Whether through root secretions or by emitting volatile organic compounds, plant communication has been well-documented. While electrical activity has been documented in plants and mycorrhizal bodies on the individual and ramet, electrical propagation as a means of communication between plants has been hypothesized but understudied. This study aimed to test the hypothesis that plants can communicate with one another electrically via conductively isolated mycelial pathways. We created a bio-electric circuit linking two plants using a mycelial network grown from a blend of mycorrhizal fungi which was directly inoculated onto potato dextrose agar, or onto the host plants placed on the agar. The mycelium that grew was forced to cross, or “bridge,” an air gap between the two islands of agar–thus forming the isolated conductive pathway between plants. Using this plant-fungal biocircuit we assessed electrical propagation between Pisum sativum and Cucumis sativus. We found that electrical signals were reliably conducted across the mycelial bridges from one plant to another upon the induction of a wound response. Our findings provide evidence that mechanical input can be communicated between plant species and opens the door to testing how this information can affect plant and fungal physiology.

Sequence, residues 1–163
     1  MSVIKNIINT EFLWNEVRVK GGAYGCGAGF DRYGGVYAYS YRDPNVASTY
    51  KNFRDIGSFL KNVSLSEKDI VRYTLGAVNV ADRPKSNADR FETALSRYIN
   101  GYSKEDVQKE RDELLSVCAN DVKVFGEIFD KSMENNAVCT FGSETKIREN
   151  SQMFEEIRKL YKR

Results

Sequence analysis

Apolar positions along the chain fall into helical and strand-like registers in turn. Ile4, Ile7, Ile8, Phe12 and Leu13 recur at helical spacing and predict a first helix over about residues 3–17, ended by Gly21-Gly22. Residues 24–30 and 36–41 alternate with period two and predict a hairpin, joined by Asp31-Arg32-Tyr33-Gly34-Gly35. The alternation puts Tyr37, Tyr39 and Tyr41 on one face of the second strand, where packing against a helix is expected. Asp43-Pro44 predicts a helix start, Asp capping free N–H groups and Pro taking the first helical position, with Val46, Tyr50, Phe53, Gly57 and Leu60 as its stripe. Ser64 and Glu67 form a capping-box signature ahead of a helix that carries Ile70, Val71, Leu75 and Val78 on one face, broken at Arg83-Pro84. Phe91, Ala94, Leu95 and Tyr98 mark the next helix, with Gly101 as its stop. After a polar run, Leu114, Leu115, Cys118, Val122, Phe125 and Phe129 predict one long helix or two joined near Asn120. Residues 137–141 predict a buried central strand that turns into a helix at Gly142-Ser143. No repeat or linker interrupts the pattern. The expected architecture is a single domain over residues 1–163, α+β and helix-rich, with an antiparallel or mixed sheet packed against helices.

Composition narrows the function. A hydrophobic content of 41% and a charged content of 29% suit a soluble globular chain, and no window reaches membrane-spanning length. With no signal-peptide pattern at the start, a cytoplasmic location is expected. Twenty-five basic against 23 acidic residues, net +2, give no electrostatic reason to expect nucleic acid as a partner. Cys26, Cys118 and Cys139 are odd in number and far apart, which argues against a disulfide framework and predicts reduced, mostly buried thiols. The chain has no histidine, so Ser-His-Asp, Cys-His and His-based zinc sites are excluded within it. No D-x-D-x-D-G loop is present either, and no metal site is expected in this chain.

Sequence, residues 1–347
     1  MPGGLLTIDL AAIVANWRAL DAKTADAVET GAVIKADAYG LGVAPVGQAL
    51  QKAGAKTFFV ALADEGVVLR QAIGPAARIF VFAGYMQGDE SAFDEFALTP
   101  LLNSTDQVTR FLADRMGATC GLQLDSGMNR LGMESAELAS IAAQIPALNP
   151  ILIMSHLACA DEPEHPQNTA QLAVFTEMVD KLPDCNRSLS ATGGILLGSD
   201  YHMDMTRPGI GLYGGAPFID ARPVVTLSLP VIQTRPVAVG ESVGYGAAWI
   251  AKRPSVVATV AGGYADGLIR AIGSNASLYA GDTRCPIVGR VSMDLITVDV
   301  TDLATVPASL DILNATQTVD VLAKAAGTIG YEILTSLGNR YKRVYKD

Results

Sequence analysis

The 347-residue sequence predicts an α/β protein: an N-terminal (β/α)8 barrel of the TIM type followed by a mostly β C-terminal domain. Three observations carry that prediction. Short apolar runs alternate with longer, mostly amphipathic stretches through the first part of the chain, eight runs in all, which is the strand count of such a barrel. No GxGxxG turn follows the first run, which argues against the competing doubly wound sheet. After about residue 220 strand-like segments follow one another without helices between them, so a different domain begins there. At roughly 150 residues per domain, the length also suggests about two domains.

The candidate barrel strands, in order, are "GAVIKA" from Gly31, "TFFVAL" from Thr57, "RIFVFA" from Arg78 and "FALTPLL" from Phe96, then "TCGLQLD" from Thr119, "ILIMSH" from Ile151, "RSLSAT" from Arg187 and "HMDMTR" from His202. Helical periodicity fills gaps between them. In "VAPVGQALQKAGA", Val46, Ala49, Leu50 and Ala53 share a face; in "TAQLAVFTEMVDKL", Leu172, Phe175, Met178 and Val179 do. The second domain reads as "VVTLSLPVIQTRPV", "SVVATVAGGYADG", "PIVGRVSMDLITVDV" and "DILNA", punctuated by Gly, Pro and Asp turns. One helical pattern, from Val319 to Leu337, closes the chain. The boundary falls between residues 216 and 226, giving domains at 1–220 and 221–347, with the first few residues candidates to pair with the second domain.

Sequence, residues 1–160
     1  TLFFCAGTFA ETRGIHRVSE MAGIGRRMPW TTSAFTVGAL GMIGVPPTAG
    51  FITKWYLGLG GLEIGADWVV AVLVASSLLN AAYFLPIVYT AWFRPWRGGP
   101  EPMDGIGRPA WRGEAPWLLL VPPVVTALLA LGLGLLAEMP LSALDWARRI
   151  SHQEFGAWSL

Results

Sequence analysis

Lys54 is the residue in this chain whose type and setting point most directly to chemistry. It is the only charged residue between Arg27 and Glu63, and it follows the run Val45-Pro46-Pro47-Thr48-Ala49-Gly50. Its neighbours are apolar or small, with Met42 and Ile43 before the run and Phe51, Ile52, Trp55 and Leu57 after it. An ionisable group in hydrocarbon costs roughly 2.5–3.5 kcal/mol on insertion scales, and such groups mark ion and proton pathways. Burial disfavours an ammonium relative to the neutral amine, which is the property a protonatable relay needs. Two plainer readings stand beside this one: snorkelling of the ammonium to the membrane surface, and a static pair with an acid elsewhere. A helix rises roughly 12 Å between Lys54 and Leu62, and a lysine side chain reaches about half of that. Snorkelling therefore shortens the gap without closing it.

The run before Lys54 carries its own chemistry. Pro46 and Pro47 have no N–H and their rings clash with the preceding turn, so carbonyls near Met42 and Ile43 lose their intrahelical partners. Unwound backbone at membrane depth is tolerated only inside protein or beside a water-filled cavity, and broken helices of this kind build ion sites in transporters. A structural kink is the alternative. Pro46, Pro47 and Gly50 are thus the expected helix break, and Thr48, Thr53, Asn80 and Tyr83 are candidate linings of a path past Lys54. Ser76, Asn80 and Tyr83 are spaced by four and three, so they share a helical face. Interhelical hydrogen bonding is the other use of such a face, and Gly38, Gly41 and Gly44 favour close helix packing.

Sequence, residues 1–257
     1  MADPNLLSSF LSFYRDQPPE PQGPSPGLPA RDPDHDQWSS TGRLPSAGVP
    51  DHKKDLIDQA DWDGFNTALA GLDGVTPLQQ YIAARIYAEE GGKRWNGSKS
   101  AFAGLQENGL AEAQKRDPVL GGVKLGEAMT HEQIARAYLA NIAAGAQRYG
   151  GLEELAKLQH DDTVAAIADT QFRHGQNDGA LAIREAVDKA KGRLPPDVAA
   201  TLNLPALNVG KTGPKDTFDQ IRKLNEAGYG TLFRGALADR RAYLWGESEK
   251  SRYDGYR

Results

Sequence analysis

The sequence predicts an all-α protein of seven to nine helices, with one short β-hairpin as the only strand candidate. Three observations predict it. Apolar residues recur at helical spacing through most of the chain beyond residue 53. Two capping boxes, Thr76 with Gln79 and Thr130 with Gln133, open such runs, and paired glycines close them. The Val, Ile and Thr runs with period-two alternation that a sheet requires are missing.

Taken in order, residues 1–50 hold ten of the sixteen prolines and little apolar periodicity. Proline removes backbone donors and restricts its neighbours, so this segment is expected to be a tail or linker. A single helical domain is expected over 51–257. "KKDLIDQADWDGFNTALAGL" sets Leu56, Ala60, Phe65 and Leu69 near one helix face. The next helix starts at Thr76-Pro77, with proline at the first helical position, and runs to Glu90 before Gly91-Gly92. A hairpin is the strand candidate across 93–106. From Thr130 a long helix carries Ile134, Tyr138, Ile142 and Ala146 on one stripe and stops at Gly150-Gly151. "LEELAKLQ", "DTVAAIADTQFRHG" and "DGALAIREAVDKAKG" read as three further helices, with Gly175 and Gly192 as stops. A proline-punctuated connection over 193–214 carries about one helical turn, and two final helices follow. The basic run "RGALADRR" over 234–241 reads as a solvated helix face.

|Journal||Plant Signaling and Behavior|
|State||Published - 2022|
Bibliographical noteFunding Information:
Department of Biology, University of Kentucky. Personal funds (R.L.C.; M.A.T.). Chellgren Endowed Funding (R.L.C.). Hannah Whalen for her vigilant assistance in growing plants, Ashley Seifert for his guidance, suggestions, editing and reviews, Nicholas McLetchie for suggestions and review of the paper, Joe Davis for his guidance, assistance, and inspiration, Rachel Vascessenno for her assistance with data logging, and Harry and Carol Thomas for their love, support, and patience.
© 2022 The Author(s). Published with license by Taylor & Francis Group, LLC.
ASJC Scopus subject areas
- Plant Science